How did you get your first break?
I was sending monthly emails to every major sporting institution in the North of the UK during my master’s. This helped me get a few coaching jobs that in turn helped me get more experience and improve as a coach. Finally I got my big break and got an opportunity to coach with Leeds United FC, historically one of the biggest football clubs in England. It came after they got sick of seeing my emails every week and finally invited me in for a talk to see if I really was credible.
My first break was at Leeds United FC where I got it through constant emails being sent to every major club I could think of. I was ready to travel hours away with local transport just to conduct one training session and this persistence was what got me my first big break.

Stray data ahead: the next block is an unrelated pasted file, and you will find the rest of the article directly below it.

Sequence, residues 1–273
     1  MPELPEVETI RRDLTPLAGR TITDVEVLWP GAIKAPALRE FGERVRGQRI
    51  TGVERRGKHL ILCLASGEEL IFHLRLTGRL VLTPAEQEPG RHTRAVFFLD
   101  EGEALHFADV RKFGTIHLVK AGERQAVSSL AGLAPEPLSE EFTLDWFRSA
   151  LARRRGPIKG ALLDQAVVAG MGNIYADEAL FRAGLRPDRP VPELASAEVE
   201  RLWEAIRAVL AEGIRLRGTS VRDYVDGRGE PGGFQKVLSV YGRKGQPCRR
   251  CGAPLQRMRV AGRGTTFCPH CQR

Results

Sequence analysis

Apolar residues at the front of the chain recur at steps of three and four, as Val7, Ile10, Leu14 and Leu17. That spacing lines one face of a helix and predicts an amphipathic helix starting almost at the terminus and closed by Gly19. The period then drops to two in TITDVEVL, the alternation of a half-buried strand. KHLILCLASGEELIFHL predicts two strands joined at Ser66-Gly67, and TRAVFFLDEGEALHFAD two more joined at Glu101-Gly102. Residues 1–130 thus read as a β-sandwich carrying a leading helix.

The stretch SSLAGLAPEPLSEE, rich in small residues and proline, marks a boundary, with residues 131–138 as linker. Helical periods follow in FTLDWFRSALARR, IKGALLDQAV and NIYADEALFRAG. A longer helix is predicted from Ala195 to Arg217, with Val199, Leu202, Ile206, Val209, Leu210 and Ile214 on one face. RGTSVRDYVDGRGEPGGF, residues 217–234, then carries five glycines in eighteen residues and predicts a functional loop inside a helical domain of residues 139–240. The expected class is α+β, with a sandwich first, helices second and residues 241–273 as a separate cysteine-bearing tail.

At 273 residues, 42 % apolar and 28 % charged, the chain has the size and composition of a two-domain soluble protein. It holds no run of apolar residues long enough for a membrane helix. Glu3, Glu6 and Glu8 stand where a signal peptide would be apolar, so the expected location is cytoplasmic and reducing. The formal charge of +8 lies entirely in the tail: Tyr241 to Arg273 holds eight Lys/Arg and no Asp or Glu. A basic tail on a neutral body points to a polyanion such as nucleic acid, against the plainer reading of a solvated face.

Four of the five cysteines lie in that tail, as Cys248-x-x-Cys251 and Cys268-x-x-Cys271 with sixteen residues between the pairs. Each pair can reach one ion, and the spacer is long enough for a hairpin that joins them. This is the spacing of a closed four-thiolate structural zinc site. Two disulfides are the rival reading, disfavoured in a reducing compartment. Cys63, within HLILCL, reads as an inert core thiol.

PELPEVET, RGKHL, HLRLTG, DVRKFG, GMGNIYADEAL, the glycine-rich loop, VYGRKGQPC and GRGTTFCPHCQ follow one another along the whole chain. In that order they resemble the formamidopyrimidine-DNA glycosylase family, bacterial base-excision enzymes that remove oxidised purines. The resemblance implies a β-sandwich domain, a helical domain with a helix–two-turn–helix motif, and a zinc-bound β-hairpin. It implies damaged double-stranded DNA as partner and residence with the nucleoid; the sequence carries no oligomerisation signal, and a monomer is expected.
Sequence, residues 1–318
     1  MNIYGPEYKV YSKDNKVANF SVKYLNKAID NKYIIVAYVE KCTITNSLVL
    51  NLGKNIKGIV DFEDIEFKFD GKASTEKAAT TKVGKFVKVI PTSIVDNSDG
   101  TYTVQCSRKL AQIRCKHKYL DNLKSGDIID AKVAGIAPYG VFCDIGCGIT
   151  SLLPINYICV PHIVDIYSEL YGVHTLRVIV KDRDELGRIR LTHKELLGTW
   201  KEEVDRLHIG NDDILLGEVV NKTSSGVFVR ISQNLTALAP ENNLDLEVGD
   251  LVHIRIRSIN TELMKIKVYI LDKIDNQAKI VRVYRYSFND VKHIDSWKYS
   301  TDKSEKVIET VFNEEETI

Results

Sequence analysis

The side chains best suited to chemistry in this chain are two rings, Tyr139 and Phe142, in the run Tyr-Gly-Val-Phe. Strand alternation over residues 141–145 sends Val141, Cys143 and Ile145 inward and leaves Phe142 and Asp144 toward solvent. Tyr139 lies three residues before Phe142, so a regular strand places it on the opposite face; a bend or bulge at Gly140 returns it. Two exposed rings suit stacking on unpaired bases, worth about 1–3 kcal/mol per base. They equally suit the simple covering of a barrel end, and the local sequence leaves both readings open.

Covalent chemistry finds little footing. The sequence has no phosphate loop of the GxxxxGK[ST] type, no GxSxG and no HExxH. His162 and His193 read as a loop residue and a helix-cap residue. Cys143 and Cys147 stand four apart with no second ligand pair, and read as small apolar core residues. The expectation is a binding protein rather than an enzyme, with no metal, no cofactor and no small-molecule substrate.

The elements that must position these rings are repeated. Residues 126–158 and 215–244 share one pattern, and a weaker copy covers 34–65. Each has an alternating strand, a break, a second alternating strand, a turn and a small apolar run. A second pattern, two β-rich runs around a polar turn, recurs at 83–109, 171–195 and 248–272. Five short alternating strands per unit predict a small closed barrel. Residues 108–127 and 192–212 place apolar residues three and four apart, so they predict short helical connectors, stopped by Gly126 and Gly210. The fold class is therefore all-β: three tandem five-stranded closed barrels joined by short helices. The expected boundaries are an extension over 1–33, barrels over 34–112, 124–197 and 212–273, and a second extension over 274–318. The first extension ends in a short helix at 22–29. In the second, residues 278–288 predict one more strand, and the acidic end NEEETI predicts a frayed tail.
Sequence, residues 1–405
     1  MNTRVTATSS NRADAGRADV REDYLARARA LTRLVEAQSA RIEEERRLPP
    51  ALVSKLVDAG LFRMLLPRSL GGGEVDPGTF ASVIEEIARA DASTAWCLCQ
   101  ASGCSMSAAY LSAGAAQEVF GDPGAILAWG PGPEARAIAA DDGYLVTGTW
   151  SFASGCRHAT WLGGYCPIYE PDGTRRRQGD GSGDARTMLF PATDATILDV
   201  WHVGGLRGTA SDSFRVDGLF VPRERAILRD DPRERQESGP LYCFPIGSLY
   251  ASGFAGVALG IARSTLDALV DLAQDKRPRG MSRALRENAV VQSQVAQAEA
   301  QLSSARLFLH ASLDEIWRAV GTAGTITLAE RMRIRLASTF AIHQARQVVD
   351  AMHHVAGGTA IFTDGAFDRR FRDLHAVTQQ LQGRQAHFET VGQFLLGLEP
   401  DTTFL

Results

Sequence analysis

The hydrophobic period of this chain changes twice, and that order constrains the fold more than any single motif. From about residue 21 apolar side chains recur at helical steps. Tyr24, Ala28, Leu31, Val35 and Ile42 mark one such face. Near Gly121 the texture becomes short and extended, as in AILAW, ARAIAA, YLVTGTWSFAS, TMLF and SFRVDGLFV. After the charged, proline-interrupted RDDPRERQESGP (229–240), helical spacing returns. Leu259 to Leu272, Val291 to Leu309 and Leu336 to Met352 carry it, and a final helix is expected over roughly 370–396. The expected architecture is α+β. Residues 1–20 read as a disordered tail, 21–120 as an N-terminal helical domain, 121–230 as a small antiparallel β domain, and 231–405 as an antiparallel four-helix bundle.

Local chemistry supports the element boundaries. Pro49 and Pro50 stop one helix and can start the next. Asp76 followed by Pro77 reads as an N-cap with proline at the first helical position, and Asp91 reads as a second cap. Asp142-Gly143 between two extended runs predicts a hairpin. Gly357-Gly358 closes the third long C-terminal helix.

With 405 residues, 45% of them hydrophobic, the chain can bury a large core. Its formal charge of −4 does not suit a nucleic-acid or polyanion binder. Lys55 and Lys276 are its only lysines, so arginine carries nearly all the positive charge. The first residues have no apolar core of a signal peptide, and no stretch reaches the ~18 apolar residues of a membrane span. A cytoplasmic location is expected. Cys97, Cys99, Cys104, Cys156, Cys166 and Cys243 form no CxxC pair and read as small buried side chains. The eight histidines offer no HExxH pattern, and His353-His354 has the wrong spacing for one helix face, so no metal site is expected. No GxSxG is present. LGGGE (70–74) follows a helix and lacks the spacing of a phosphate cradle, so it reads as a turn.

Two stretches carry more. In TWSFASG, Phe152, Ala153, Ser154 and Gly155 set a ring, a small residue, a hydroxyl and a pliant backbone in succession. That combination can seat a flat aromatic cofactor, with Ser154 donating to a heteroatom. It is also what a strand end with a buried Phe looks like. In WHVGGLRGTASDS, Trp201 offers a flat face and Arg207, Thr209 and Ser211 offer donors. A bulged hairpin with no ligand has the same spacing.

What were some of the challenges you faced? How did you address them?
There have been quite a few challenges, but this path has really helped me learn and grow and I’m grateful for it.
The first challenge was accepting that a career as a footballer and doctor was not for me due to different challenges. It took a while but with some guidance I was able to start on a new path and build my repertoire towards it.
The second challenge was not getting Psychology as my specialization in my undergrad degree which meant my goal of becoming a Sports Psychologist was in danger. It took a while to accept, but I soon realized that the only way to move forward was to work on the things in my control and keep on improving in those aspects and so I started studying all I could to prepare myself for a postgraduate degree in Sports Psychology.
Managing my life during my masters degree in the UK with all the studies that needed to be done, a part time job in a bar to pay the bills and working towards extracurricular growth by coaching football and getting more experience in that regard, was hard and intense work..
Where do you work now? What problems do you solve?